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Saturday, September 21, 2013

When You Don't Fit the Mold

Traditionally published author LeAnn Hardy steps into the world of self-pubbing. Here's her story...

Self-publishing is not for everyone. It certainly should not be a shortcut to avoid doing the work necessary to bring a manuscript up to commercial publishing standards. But it provides a great opportunity for those of us who don’t quite fit the traditional mold.

Several of my books were commercially published ten years ago. That should give me an in for my next book, right? Wrong. Despite great reviews, none of my books were big sellers. And then there was that gap when I lived in South Africa and wrote for children affected by HIV&AIDS—not a huge market for the CBA. I am passionate about my books—all of them—but they don’t fit into an easily-marketable brand. It was an agent at an ACFW conference who advised me to try self-publishing.

I started by formatting my out-of-print juvenile fiction for Kindle. For someone like me with a large network overseas, e-publishing is ideal since there is no shipping involved. Amazon has a free, easy-to-follow manual for preparing a manuscript for Kindle. Unfortunately, the instructions for preparing a book for Nook were written in topic sentences. For more detail they referred me to their manual in “computerese.” After wasting months, I gave up and just went with Kindle for the time being (much as I dislike the idea of the publishing world being taken over by!)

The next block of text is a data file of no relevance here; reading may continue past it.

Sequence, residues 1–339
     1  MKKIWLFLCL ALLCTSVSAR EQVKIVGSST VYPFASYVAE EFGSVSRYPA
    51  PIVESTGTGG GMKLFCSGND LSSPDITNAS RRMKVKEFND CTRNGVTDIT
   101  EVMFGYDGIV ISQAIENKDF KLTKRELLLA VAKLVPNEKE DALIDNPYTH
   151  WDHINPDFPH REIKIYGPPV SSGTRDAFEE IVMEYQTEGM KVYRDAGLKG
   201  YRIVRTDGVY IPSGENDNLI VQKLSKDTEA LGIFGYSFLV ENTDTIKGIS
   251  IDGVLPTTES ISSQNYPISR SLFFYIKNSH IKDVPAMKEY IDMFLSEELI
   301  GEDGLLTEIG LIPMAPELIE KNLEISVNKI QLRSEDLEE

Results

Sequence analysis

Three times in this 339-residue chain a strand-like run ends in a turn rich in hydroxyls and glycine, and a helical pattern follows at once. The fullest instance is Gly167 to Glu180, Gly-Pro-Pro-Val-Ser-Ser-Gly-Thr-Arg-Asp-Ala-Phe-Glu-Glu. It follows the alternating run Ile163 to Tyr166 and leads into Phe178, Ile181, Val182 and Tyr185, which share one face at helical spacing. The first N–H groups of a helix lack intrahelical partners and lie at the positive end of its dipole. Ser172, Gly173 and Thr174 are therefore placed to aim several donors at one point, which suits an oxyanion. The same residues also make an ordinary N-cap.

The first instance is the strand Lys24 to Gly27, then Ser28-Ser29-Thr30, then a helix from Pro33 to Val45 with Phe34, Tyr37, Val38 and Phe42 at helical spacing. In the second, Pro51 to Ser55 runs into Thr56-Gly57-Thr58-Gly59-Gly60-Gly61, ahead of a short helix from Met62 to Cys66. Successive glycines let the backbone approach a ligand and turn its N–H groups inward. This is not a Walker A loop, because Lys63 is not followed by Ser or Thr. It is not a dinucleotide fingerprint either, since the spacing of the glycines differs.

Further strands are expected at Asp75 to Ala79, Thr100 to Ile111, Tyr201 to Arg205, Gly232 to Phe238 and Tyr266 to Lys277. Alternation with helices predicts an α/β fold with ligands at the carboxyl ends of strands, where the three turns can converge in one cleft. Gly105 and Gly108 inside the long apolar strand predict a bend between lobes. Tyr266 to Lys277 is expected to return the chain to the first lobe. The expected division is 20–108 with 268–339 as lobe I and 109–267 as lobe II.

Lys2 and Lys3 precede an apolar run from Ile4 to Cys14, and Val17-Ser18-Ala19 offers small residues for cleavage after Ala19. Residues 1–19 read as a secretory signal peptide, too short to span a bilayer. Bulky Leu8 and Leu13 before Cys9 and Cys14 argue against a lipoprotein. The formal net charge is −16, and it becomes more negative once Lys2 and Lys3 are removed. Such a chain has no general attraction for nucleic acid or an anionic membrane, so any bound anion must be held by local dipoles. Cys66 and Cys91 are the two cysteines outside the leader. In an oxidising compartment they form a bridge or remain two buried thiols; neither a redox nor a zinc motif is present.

Print-on-demand means that paperback copies can be available without the initial layout for printing or a garage full of book boxes. Createspace charges no set-up fee unless you use their services for editing, design or marketing. I figured I had enough contacts and skills to do it myself. I designed my own covers for two books. I hired Kathleen Popa to design the cover of my latest release, HONDDU VALE, paying much less than Createspace. I do freelance editing and proofreading for a couple Christian publishers and have a strong critique group. Nevertheless I ran my manuscript by a grammar-meticulous reader who surprised me with the errors she turned up. Createspace now has a link when you have set up your book that lets you automatically convert it to Kindle. I have not yet tried that, but I intend to with my next release.

Marketing is the same challenge it would be with a commercial publisher—not natural for an introvert like me. You can hire a publicist or do it yourself. The biggest drawback to self-publishing I have encountered is being on my own. When my techie friends and I couldn’t figure out how to get the page numbers off the title page in the proof of Honddu Vale, my IT son-in-law said, “Doesn’t your publisher take care of this for you?” “I AM the publisher,” I was forced to reply.

It has been a steep learning curve every step of the way. Sales are still not huge, but I get a much higher percentage of what does sell. I even get to set the price.

Now if I can figure out this Nook stuff . . .

LeAnne Hardy has lived in six countries on four continents as a writer and missionary librarian. Her plots and settings are inspired by these diverse locations. She currently lives in the Northwoods of Wisconsin where she enjoys her husband and grandchildren while trying to write Glastonbury Grail book three and do freelance editing. LeAnne recently launched Honddu Vale, the second in her 16th century Britain Glastonbury Grail series.